Central African Republic marches demand French troops out

The French government has admitted that 1,600 of its troops are now deployed in the Central African Republic, a former French colony. The CAR has faced internal fighting between the governing Muslim-dominated Seleka coalition and the opposition “anti-balaka” forces, which are heavily Christian.

The U.N. Security Council authorized French intervention earlier in 2013, but the government of Francois Hollande has now requested additional troops to assist its military contingent and soldiers from Chad, acting in the name of the African Union Mission to CAR (MISCA).

Hollande says the French military will be in the CAR for only six months. France made similar claims regarding its invasion of Mali one year ago, where thousands of French troops still remain.

Interim CAR President Michel Djotodia remains in his palace in Bangui after seizing power in March 2013. Djotodia overthrew the government of Francois Bozize, who had come to power through a coup 10 years earlier. Fighting continued during the last week of 2013.

Chadian troops have been accused of supporting the Seleka coalition, while French imperialism is said to be more sympathetic to the Christians, who make up 85 percent of the population. Both governments have denied political favoritism in the conflict.

Thousands demonstrate against ­occupation

Despite public statements by the Hollande government claiming impartiality, the Muslim population of the CAR is increasingly dissatisfied with France. A Dec. 24 demonstration in the capital demanded that Paris withdraw its troops from the country. A Dec. 26 Associated Press report stated that “Dozens of Muslims marched down the streets of Bangui on [Dec. 24] to demand the departure of French troops, who were deployed to the Central African Republic this month to try to pacify fighting but instead have been accused of taking sides in the nation’s sectarian conflict. The marchers, almost all of them young and male, began their demonstration in the Kilometer 5 neighborhood, a mostly Muslim section of the capital that has been the scene of clashes with French forces.”

A much larger demonstration on Dec. 22 enjoyed the participation of thousands of Muslims. They accuse France of attempting to disarm the Seleka coalition. There have been reports of mass killings of Muslims by anti-balaka militias seeking to remove President Djotodia.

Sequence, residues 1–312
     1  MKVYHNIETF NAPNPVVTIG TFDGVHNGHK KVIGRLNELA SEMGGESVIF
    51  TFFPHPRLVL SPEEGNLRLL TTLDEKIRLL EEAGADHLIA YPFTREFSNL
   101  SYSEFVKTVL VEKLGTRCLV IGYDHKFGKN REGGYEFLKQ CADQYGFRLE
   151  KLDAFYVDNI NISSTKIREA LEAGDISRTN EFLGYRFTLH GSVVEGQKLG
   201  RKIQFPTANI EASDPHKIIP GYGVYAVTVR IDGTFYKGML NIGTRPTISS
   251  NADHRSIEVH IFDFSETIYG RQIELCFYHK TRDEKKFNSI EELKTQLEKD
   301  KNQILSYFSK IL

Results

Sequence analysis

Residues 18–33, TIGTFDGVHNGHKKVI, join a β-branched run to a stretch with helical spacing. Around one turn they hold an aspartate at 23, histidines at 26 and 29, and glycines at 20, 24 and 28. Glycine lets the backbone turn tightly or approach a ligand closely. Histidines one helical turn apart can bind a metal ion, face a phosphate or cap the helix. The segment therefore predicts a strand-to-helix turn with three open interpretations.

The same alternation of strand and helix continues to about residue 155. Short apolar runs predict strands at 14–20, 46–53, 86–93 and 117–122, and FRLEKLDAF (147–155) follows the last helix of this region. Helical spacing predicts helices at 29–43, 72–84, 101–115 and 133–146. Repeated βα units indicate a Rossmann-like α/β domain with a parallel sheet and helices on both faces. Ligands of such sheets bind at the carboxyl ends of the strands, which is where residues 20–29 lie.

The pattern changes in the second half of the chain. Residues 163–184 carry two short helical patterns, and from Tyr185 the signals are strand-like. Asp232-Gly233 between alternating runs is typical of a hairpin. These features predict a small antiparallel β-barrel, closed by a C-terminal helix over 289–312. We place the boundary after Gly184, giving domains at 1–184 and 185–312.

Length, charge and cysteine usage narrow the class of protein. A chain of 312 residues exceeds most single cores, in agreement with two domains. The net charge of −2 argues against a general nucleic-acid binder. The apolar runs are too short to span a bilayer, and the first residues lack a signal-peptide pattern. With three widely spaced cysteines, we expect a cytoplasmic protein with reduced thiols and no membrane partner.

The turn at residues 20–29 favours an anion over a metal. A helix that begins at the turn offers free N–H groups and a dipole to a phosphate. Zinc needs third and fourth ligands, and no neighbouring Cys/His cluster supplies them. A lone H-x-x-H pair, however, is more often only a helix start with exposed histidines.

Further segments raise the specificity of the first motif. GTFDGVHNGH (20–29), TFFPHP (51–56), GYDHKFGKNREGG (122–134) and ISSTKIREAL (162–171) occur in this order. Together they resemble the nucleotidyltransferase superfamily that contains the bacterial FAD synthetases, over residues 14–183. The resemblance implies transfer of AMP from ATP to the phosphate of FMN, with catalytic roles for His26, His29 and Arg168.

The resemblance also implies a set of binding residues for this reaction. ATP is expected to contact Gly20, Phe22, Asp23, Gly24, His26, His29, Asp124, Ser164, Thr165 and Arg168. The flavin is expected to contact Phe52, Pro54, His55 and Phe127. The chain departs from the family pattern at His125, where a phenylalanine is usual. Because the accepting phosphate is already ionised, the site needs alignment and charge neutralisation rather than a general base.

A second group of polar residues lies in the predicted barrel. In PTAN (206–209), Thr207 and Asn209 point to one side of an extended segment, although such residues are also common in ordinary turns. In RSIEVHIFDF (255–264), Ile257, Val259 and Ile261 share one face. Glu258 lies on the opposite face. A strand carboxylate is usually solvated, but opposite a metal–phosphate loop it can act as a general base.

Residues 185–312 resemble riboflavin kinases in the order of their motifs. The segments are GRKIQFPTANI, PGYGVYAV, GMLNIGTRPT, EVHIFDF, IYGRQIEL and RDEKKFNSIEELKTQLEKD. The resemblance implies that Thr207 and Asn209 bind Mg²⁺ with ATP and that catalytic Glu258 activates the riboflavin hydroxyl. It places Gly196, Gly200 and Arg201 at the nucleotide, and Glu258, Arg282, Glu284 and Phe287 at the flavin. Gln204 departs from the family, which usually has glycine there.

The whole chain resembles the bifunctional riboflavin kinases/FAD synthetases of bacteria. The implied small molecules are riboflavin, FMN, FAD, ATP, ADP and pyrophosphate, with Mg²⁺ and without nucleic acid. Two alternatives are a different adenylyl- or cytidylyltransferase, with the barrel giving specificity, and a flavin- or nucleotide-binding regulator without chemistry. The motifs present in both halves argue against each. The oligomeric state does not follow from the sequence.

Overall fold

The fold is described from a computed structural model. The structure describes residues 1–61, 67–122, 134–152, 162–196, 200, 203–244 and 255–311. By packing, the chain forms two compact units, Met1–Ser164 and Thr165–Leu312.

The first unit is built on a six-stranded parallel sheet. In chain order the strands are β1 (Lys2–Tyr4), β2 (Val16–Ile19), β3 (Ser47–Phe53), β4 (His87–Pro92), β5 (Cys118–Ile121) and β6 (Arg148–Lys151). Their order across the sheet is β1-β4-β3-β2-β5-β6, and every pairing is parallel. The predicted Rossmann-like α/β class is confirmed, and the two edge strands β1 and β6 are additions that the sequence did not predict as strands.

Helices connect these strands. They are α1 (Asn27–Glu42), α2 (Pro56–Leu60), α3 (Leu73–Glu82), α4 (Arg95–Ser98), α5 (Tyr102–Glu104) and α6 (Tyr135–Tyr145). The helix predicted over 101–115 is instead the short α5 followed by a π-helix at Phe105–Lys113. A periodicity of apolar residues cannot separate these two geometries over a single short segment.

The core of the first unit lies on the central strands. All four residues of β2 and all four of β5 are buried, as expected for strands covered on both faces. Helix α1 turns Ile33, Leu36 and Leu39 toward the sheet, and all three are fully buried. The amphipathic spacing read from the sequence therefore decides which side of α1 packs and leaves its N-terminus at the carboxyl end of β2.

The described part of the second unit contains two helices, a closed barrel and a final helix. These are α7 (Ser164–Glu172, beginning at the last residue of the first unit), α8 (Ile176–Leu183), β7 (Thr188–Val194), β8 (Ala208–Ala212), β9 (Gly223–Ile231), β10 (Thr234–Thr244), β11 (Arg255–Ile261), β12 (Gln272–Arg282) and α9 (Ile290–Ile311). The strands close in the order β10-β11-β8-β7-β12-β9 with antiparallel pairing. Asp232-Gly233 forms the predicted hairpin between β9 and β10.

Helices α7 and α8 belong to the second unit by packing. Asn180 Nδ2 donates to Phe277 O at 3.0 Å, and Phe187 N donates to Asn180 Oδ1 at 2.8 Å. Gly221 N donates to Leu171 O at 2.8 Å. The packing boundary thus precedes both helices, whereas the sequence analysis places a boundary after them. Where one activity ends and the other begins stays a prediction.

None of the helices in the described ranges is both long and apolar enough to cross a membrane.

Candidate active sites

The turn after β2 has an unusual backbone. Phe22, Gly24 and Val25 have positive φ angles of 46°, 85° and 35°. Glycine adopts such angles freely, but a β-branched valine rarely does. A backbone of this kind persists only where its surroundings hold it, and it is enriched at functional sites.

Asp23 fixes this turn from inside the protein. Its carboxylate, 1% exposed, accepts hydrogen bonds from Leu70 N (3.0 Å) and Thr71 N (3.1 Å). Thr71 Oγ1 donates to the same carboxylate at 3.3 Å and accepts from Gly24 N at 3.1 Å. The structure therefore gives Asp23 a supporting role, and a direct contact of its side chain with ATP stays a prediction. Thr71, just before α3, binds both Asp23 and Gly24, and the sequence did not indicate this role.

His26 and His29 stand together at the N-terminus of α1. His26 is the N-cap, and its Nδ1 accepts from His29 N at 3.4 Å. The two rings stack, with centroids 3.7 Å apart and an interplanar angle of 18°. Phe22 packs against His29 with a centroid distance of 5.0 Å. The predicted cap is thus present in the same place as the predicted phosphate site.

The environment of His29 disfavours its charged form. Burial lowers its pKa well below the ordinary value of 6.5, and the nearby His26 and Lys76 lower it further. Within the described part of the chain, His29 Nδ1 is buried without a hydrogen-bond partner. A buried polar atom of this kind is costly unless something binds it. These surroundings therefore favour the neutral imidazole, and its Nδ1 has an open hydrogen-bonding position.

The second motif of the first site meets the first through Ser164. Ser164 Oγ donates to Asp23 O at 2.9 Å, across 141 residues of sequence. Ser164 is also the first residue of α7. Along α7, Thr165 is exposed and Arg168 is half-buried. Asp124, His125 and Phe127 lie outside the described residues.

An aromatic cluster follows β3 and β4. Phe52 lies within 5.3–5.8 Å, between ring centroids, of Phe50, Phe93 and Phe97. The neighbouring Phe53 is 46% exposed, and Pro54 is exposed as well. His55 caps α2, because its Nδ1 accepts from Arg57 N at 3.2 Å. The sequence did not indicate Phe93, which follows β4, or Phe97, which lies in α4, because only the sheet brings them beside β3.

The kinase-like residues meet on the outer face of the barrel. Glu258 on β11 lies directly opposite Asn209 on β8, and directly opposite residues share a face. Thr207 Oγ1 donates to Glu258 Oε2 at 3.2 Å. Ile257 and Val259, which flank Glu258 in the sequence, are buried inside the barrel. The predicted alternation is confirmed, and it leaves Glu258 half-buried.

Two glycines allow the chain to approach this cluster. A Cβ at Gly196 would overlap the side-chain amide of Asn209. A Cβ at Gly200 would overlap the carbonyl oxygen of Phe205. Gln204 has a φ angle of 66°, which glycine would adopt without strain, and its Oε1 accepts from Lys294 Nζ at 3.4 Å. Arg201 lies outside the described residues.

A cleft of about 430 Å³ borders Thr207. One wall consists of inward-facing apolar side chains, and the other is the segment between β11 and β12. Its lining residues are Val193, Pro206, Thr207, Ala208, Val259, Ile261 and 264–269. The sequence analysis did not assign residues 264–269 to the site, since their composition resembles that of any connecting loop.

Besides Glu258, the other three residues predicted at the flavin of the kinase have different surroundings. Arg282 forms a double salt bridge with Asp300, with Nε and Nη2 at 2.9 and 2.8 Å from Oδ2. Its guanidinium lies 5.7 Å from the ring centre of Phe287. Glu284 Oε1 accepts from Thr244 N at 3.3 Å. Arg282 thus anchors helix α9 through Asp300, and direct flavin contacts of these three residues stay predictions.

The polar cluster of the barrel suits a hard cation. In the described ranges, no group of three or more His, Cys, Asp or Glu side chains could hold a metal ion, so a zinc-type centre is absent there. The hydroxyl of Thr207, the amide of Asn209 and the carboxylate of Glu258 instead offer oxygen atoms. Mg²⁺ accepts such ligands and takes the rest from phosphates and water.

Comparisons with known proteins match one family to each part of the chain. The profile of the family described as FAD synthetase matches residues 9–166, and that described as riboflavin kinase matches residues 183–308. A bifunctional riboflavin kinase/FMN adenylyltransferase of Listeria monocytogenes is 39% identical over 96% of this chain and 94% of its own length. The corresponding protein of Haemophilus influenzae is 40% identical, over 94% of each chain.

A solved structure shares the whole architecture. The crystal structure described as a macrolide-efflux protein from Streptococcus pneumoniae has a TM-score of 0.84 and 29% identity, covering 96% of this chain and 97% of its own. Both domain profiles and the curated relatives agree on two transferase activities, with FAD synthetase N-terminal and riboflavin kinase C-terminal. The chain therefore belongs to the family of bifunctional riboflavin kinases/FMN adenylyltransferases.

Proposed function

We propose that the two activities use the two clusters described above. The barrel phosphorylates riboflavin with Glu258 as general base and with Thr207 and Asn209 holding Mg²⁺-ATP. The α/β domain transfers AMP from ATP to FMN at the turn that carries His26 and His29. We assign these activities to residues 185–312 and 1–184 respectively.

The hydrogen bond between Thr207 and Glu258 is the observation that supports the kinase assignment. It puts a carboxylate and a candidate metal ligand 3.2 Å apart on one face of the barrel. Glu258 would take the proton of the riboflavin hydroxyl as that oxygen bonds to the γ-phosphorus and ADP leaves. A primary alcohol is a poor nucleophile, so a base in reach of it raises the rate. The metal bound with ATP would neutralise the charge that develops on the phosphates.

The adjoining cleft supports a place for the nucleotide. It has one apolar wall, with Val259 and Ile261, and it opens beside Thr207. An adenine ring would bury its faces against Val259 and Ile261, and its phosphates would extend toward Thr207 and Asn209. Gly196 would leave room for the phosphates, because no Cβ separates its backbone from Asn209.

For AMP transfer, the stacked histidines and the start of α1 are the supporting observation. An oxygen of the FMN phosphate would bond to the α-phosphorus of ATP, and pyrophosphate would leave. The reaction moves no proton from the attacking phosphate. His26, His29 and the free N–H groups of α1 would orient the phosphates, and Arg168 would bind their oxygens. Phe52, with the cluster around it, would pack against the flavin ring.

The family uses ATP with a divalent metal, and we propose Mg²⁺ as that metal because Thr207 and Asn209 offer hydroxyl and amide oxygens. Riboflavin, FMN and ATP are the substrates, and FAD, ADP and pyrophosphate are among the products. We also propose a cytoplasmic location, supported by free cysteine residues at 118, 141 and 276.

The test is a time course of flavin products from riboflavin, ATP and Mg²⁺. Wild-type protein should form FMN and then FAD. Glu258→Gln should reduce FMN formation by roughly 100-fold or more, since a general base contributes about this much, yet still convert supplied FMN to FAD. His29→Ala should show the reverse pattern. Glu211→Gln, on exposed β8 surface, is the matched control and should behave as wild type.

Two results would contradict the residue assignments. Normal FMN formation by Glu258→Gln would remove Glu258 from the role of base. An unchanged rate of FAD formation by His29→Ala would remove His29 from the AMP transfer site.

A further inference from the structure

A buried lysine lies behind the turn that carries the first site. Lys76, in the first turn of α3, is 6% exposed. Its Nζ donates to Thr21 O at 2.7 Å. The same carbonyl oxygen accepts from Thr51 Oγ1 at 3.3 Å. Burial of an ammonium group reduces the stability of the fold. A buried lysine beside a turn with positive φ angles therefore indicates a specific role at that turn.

This same AP article points out how the demonstration was explicitly ­anti-French, noting that “the crowds making their way down the deserted city streets were holding signs that said: ‘We say No to France!’ and ‘Hollande = Liar.’ Other signs had a hand-drawn map of this nation located at the heart of Africa, but showed the country split in two, with a Muslim homeland penciled in in the north.”

Such sentiments could broaden opposition to the French occupation and prompt the Hollande government to request additional foreign intervention. But recent surveys in France indicate that public support — which was never very strong — is declining for the military operation in the CAR. (Prensa Latina, Dec. 15)

Hollande’s call for a broader U.N. force coincided with an open letter published in the Dec. 27 Washington Post jointly signed by Dieudonne Nzapalainga, archbishop of the Catholic Church in Bangui, and Omar Kabine Layama, president of the Central African Republic Islamic Community. This letter was tantamount to a public appeal for more U.S. and French involvement in the country.

Meanwhile, sentiments are also running very high against the presence of Chadian troops, who have fought alongside France in its Malian campaign since early 2013. Several Chadian soldiers have been killed in the CAR, along with at least two French soldiers.

During a demonstration near the airport outside Bangui on Dec. 23, Chadian troops opened fire on protesters, killing at least one person and wounding several others. The demonstration, held by members of the CAR Christian community, called for the resignation of Djotodia and the withdrawal of Chadian troops from the country. It appears that the French intervention, backed up by the U.S., may have the opposite impact from what was intended.

The CAR has a relatively small population of less than 5 million people but contains substantial mineral wealth of interest to the imperialist states. The mining of gold, diamonds, uranium and other mineral deposits make up only 7 percent of the country’s gross domestic product. Western capitalists are very interested in exploiting these resources on a broader level but need firm control over the political and security situation to do so.